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I wasn't sure where to post this, there doesn't seem to be a forum specifically for the problem I have. I am a student studying early childhood studies at Roehampton University and I work part time. At present I am not working in the early years field, I work with a fifteen year old boy who has muscular dystrophy. I know that this may seem to be very irrelevent but I thought some of you might be able to point me in the right direction and give me some tips.


I work for an agency which pays my wages to work with this boy (I'll call him 'M'), I spend all day Saturday with him, take him out, make him lunch, help him to wash and put him to bed etc... I have spoken to others that have worked with him and have agreed that there is a form of abuse going on in his household. It is not physical or sexual, which makes it all the more difficult to pin point what is happening and how to go about helping the situation.


'M' has carers everyday of the week and four nights out of seven there is a night carer, his mum very rarely spends time feeding him, washing him or putting him to bed. I have never seen her kiss him, cuddle him, have a conversation with him (and I have been working there for nearly a year). The mother has a boyfriend of about four months, when they return from being out all day, 'M' automitically moves his wheelchair to go to his room, many times I have heard him say 'give them a rest', at which time I have to stop myself from saying 'a rest from what, being at the pub all day?'.


'M' is forever with his carers, he has a brother that gets invited round to have Sunday lunch with his grandma while 'M' stays at home with his carers. His mother doesn't even put his clothes away after they are washed, doesn't clean his room or change his bed sheets. I understand that the carers are there to look after him, but we are no substitute for his mother, little things like paying attention to his bedroom, making sure his clothes are put away nicely, giving him a cuddle or a kiss occassionally would make all the difference to him and to us.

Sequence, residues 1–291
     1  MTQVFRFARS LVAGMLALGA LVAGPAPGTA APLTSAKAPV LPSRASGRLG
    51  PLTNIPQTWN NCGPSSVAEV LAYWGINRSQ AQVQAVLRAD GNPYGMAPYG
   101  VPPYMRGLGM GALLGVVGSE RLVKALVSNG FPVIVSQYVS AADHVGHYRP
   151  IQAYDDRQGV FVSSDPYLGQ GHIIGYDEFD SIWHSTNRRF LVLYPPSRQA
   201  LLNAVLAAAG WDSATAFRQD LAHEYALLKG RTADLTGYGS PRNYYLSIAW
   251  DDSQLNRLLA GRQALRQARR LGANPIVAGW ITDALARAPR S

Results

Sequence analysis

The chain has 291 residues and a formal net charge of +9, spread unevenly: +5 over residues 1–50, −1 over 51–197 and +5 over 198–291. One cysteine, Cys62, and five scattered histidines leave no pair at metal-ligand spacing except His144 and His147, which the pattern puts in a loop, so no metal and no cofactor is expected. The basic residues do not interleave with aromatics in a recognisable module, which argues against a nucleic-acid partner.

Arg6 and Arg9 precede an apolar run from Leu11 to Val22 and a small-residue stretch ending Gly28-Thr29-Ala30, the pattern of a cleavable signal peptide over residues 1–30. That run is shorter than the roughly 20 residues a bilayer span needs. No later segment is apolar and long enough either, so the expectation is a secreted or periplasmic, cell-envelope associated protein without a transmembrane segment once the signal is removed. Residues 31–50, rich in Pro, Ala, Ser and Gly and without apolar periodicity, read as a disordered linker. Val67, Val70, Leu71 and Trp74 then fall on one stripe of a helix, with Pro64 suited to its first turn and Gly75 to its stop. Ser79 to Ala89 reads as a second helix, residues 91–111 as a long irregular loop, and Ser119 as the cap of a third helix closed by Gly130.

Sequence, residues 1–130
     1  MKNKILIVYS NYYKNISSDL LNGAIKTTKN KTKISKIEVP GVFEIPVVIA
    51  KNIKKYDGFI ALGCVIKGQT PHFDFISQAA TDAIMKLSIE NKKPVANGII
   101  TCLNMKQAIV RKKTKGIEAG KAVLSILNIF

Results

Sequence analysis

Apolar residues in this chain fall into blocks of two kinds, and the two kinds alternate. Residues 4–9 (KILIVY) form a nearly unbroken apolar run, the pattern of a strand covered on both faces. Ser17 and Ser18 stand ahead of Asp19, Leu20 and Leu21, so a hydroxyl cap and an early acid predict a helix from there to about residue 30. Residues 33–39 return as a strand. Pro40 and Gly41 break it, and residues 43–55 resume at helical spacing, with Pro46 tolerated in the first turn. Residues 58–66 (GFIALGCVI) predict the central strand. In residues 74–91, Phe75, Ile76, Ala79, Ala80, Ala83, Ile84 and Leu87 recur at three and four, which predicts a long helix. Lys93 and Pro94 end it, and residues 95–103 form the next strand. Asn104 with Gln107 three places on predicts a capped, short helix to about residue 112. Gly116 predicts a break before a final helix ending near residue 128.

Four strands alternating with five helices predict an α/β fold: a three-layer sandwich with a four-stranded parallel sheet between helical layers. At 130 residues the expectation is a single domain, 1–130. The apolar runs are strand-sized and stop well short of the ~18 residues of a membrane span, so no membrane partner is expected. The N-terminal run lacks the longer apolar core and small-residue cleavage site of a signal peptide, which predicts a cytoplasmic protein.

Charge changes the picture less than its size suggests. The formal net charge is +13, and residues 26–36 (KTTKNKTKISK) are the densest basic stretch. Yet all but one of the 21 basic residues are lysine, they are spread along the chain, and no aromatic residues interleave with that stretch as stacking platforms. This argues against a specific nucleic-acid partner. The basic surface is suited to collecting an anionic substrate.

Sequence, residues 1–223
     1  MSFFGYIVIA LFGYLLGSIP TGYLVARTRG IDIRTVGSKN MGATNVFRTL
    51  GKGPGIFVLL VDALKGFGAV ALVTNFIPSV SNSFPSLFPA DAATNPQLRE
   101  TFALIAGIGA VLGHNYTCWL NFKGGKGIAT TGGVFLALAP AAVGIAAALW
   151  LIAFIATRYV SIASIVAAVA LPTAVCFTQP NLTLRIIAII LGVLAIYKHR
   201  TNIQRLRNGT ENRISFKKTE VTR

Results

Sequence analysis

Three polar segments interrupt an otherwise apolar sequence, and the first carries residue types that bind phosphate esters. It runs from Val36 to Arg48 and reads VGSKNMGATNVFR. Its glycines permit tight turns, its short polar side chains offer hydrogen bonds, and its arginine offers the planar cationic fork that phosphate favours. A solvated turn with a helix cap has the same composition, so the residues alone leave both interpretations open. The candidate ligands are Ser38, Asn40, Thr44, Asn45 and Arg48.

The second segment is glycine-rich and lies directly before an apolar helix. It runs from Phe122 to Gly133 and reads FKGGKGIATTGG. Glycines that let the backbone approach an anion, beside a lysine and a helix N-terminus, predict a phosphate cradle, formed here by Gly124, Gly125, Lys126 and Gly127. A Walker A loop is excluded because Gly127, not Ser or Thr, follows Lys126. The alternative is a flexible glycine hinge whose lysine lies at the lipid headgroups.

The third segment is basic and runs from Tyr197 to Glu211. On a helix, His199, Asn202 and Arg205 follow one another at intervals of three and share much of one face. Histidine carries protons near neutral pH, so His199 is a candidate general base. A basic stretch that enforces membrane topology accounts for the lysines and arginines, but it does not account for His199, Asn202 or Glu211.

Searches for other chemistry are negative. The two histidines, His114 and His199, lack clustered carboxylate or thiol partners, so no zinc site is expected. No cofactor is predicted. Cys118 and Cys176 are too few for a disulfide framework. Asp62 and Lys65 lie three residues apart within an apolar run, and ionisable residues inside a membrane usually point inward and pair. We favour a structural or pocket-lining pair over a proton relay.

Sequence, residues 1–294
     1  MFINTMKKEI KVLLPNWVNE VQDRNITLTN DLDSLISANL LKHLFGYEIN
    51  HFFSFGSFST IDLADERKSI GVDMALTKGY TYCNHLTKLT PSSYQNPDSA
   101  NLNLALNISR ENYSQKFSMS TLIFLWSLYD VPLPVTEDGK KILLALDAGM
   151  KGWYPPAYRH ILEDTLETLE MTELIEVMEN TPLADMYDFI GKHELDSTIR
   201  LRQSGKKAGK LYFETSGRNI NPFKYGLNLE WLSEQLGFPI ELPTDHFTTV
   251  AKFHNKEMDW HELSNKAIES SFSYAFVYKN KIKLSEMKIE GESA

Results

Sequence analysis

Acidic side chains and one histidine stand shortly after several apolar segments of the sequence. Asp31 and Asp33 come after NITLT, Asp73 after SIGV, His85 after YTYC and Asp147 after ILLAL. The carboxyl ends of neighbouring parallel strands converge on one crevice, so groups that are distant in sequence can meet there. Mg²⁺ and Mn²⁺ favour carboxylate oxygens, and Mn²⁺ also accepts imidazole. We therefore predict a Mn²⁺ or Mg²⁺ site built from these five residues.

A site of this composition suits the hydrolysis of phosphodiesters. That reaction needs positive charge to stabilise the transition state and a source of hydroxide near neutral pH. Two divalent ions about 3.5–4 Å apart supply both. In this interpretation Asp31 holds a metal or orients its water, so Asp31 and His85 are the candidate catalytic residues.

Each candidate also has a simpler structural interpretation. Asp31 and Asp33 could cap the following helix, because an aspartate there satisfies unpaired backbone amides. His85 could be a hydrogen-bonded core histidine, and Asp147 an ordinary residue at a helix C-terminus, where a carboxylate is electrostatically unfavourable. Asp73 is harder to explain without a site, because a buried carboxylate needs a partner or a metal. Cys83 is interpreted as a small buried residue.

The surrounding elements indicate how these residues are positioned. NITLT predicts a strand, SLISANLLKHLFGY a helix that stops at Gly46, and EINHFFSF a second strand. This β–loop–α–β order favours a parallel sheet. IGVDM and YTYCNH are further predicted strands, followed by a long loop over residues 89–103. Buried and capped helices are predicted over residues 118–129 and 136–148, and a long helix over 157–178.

I am not sure what any of you think of the situation but I believe it is worthy of notice from a social worker ('M' already has a social worker but she has failed to realise the problems). I know that it is now the carers' job to bring it to her attention. The only connection I have with her is through my agency, how do you think I should go about it? Write to them, go in in person? I don't want 'M' or his mother to know that I have spoken as I know it would upset 'M' and cause problems between me and his mother, as well as him and his mother.


I would be very grateful for your suggestions or opinions on the subject.




Abby xxx

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what a horrible situation you describe, for both 'M' and for you.


You need to raise your concerns with Social Services. Can you not get together with the other carers to do this? You indicate thta they have concerns too. Can you approach your agency for advice, tehy should support you as their employee, shouldn't they?


sorry no expertise here!



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This is a really difficult area-and one that everybody dreads. It must be very difficult for you.

But I agree with Susan, and again I am no expert here. You need to get in touch with social services. With others if they are willing, it would be less daunting that way and you would be able to back each other up.

You say that you are worried that it will cause trouble between M and his mother and you and her. But can things be any worse really? You may actually improve his way of life?? Sometimes we step back because we are too afraid to rock the boat. But perhaps it needs to be rocked-it sounds like it to me.


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